Insurance

Insurance News: The Importance Of Travel Insurance And Why You Need It

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As exciting as travel is, it does hold some risks. By taking out travel insurance you are essentially covering yourself against travel risks such as lost or stolen luggage, cancellation cover (should you not be able to travel due to unexpected medical or personal reasons) and most importantly, unexpected medical costs abroad.

It is extremely important to take out travel insurance, even if it tightens your budget a little. Your loss could be a lot greater should anything unforeseen happen. Imagine you have a medical emergency in a foreign country, or a natural disaster forces you to leave your paid accommodation. Your flight could be cancelled; baggage could be lost or your wallet or passport could be stolen. These are all scenarios that happen to tourists every day!

What is travel insurance?

Travel insurance covers emergency medical and related expenses when travelling abroad. In cases where ongoing medical treatment is required, the travel insurance scheme will ensure that the patient is repatriated to their country of residence where their medical aid and gap cover will kick in.

Gap cover is a short-term insurance product tailored to extend the benefits of medical aid, by covering medical expense shortfalls on hospital and doctors’ bills, as well as sub-limits and co-payments imposed by medical schemes.

The impact of Covid-19 on travel insurance

While few industries were spared the impact of the pandemic, the travel industry was one of the most severely affected sectors across the globe, so it is not surprising that the travel insurance industry did not escape unscathed. As with most products and services across almost all industry sectors, travel insurance offerings have had to change and adapt to the new reality.

The travel insurance landscape itself has also seen increased complexity and become far more dynamic, to the point where travel insurers are finding it tricky to keep abreast with the global requirements and protocols in place. Not only do these differ from country to country, but they tend to change periodically.

However, the travel industry is resilient and seems to have adapted to the “new normal” rather quickly.

Positive outlook for insurers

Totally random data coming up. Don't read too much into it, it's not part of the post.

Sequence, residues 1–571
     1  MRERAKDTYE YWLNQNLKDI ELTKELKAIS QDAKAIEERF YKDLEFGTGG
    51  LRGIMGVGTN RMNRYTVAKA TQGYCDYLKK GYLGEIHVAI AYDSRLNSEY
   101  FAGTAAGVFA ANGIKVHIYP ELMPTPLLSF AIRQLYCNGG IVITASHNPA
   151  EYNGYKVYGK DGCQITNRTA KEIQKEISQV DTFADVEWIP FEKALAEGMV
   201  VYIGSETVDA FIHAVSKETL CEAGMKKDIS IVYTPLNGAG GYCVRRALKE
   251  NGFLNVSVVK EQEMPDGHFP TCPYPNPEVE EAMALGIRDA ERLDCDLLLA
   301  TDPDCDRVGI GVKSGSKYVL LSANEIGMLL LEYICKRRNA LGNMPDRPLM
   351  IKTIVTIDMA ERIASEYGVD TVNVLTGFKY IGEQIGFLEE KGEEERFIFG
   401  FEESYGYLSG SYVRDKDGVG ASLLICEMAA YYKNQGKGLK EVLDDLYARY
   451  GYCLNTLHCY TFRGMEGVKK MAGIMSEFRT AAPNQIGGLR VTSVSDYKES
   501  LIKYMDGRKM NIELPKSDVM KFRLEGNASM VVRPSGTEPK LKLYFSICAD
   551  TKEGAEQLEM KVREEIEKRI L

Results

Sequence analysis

For travellers, it is important to note the pandemic has not significantly affected travel insurance costs during the past two years. While the industry revises premiums annually, there was no increase in 2020 and only a nominal increase in 2021, despite the added expenses due to Covid-19.

Despite the growing importance of travel insurance, there are some misconceptions among travellers when it comes to this type of cover. Common questions that crop up include: What does travel insurance cover? What is a Covid-19 benefit?

First, the heartbeat of travel insurance is the medical component. This is where the Covid-19 benefit also fits in. These products provide cover in the event of a traveller contracting Covid-19 while on a journey, fully covering all medical and related expenses. In addition, these products also provide quarantine cover in the event that a traveller tests positive and has to quarantine.

It is important to note that Covid-19 benefits do not extend to cancellations of travel booking and additional expenses incurred due to Covid-19. For example, disruptions and expenses stemming from passengers contracting Covid-19 before departure, the closure of borders, South Africa being placed on the red list or test results not being available on time, will not be covered.

How to apply

“When looking to apply for travel insurance, it’s advisable that people familiarise themselves with the benefits they get with their gap cover, with travel insurance being a very useful added benefit, especially during the pandemic. Travel insurance obtained as an added benefit through gap cover can provide R5 million for emergency medical expenses and can be increased to R50m with the purchase of a top-up,” says Tony Singleton, CEO at Turnberry Management Risk Solutions.

Take note

Travellers are also advised to obtain authorisation before any medical procedures are carried out abroad. Having travel insurance coverage is not a blank cheque to have any type of medical procedure done in another country.

Authorisation is required to allow the insurer to be in control of the claim from the beginning and manage the expenses and treatment of the patient.

It is advisable for travellers to discuss their insurance requirements and any concerns they may have with their broker, who will be able to advise what cover is currently in place with their various policies and to advise if there are any additional insurance needs.

Lastly, people who intend to travel internationally must remember to apply for travel insurance before leaving the country, as the policy needs to be issued and activated before departure.

 

Conclusion:

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